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    I don’t think it’s fair to say installing Linux on an older laptop is a poor experience. From my personal experience, installing Linux on laptops 2 years or older of age is a great experience. As opposed to a shiny new laptop with Nvidia Optimus and some new wireless chipset.

    I run Linux on a couple of laptops, and have done so for a decade now. Linux support does not become worse as time goes on.

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      I’ve had three or four pieces of hardware that used to work with Linux, but don’t any more. Largely this is because Linux refuses to provide a stable API, so out-of-kernel drivers that aren’t actively maintained won’t work on newer kernels. Specifically I’m thinking of qc-usb (Logitech QuickCam) and synce (Windows CE devices). The *BSD approach to this kind of thing seems much better.

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        I have installed Linux on numerous laptops over many years–many distributions, Red Hat-based, Debian-based, and in recent years Arch (which I use on my desktop). I have never had a totally successful configuration of any distribution on any laptop. Resuming doesn’t work; or it works when you suspend to RAM but not to disk; or you can resume but then the audio doesn’t work, or the USB, or the wifi; or these things can be made to work but require manual intervention after resume.

        FreeBSD did work quite a bit better (after extensive configuration), but still wasn’t perfect. I haven’t tried OpenBSD. At this point I just run OS X on my laptop, even though I find it deeply frustrating to use (once you are used to a good tiling window manager anything else feels pointlessly clumsy), simply because suspend and resume works perfectly 100% of the time and I never have to deal with it and I can just hand it to a normal person to use without having to say, “oh, the wifi doesn’t come up after resume but it’s easy to work around, you just have run systemctl restart whatever, now let me spend half an hour explaining to you what a terminal is and how you use it.”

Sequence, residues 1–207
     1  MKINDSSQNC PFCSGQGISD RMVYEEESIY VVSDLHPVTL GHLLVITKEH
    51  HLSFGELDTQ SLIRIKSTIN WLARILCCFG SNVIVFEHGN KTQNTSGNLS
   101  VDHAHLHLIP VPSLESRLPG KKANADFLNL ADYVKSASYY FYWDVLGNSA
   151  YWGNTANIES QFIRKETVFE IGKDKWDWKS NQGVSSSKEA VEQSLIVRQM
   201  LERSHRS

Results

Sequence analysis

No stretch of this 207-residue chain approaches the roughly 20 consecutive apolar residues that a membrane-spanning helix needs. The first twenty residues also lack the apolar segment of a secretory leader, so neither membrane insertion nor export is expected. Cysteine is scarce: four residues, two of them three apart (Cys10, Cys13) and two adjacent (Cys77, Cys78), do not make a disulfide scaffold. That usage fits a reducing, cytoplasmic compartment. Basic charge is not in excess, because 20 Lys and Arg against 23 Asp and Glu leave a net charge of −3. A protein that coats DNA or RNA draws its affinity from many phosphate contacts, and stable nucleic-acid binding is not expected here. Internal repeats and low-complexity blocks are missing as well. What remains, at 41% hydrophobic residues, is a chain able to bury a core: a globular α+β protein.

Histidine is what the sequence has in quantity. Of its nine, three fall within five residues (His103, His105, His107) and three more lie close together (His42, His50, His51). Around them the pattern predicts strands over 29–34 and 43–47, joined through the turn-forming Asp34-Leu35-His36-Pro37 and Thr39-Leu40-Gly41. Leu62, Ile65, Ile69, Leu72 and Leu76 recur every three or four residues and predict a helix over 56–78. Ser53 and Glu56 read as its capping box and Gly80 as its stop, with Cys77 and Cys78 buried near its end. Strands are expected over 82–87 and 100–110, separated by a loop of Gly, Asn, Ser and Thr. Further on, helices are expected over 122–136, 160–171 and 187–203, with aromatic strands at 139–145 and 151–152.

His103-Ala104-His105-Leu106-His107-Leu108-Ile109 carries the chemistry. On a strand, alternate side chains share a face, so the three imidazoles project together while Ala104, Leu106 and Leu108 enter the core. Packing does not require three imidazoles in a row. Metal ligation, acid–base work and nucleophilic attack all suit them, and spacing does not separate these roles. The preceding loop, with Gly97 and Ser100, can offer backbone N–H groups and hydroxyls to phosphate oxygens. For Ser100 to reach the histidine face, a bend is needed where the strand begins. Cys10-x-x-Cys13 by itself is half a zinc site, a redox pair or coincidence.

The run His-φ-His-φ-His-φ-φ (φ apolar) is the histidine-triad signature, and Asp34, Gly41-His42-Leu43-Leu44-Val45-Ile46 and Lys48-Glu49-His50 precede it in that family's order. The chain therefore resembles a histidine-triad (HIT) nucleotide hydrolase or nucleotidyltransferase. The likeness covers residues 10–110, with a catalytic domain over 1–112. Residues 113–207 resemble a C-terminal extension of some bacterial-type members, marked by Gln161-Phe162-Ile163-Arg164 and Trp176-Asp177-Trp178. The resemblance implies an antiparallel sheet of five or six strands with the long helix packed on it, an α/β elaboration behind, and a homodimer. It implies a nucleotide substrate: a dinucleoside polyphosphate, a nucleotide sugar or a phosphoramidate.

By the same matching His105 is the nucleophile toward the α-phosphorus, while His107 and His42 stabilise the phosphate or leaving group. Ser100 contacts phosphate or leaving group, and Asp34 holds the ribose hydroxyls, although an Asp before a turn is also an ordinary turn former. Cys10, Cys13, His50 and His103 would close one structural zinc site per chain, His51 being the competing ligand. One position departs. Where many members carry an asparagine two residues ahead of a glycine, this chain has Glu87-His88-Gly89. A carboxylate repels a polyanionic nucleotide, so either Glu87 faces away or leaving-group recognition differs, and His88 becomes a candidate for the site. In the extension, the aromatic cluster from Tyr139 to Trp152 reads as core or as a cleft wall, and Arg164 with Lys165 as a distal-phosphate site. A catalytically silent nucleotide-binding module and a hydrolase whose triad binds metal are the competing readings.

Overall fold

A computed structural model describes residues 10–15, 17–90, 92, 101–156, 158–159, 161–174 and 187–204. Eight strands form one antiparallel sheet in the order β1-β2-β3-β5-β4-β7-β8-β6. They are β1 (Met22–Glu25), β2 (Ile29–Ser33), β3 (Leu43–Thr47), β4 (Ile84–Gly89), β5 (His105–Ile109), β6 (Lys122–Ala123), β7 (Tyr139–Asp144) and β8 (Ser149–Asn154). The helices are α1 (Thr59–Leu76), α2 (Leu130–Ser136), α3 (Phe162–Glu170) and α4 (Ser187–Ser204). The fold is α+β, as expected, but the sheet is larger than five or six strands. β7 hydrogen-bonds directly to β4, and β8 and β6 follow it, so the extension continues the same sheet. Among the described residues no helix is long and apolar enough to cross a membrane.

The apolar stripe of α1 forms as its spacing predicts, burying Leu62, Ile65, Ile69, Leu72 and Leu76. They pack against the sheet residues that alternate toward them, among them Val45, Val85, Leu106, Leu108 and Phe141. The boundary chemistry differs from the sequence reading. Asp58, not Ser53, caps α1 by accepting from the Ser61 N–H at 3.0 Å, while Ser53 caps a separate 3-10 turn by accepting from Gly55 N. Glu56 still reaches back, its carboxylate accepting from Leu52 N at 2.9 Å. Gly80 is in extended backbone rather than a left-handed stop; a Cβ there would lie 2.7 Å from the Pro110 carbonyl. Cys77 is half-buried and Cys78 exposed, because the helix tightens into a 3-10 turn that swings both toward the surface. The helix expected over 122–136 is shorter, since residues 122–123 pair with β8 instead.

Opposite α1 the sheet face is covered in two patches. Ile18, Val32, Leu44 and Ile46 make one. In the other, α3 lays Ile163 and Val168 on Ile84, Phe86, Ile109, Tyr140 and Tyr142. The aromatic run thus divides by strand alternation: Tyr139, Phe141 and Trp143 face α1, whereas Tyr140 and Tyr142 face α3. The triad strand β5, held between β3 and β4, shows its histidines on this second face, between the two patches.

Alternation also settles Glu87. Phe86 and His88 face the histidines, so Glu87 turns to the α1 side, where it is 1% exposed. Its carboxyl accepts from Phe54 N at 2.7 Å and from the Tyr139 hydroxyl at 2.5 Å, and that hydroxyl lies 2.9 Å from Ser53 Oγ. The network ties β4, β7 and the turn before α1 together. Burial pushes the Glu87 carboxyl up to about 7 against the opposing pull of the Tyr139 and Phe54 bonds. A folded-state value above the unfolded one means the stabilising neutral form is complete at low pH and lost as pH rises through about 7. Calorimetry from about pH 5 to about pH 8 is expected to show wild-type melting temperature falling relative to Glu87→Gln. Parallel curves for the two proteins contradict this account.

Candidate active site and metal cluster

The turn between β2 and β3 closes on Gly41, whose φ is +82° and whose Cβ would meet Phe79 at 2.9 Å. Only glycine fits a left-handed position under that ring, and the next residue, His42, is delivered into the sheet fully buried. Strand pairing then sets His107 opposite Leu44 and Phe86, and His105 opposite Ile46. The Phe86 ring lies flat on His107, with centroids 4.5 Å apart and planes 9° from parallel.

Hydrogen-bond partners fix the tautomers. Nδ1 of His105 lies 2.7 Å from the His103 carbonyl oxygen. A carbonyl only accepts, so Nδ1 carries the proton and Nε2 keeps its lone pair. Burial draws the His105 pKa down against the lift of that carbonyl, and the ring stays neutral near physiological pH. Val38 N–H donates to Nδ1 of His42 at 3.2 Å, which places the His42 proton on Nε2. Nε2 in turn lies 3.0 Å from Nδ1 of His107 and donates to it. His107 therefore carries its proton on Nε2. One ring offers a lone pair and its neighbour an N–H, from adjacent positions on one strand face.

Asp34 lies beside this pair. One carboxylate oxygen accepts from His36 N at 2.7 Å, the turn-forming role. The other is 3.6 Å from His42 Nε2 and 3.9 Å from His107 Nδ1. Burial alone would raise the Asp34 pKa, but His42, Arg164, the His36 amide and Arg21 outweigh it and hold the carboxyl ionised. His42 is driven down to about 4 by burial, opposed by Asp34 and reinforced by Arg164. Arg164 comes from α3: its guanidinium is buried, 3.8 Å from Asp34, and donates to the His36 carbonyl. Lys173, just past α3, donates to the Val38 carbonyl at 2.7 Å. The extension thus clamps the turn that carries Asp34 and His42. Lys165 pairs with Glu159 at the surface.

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          Not sure which world you live in.

          I have a brand new mid-2013 MacBook Air 11" 1.3GHz for just a few weeks (couldn’t pass on the 799$ sale), brand new OS X 10.9 with no third-party drivers installed; freezes all the time; just right now the sound has stopped working (neither the internal speakers, nor the headphones jack has any output; all after simply playing some online radio from within Safari; restart, and it’s fixed). The ssh over WiFi doesn’t work properly, because the WiFi chip goes into sleep mode after 0.2s of no traffic, causing huge delays when typing (there’s a workaround with ping -i0.2 of your local gateway (now let me spend half an hour explaining to you what a terminal is and how you use it)).

          I had an OS X 10.8 mid-2013 MacBook Air 13" 1.7GHz from work before that, which froze frequently, too; although on that one I did have some external drivers installed, so, I wasn’t sure who was to blame. A MacBook Pro 13" would freeze when connecting / disconnecting several iOS devices. An older aluminium MacBook 13" would loose sound system-wide when playing VLC and doing rewind, requiring a reboot. An iBook G4 before that, which I’ve used for some BlueTooth development, also experienced frequent freezing.

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            My MacBook Air is from 2011 and has none of those problems–it does take a number of seconds to fully resume after a suspend, but everything works: wifi, sound, SSH (I’m usually using it to connect to my Arch box and use Emacs under screen), etc. I’m certainly willing to believe that the newer devices are flakier; I haven’t had any experience with them.

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              When on WiFi, and without any network activity (no downloading/streaming/radio/background-updates), with just the passive ssh sessions being active (not being actively used), what do you get from:

              ping -i1 `netstat -rn | grep -m1 ^default | awk '{print $2}'`
              

              Vs.

              sudo ping -i0.2 `netstat -rn | grep -m1 ^default | awk '{print $2}'`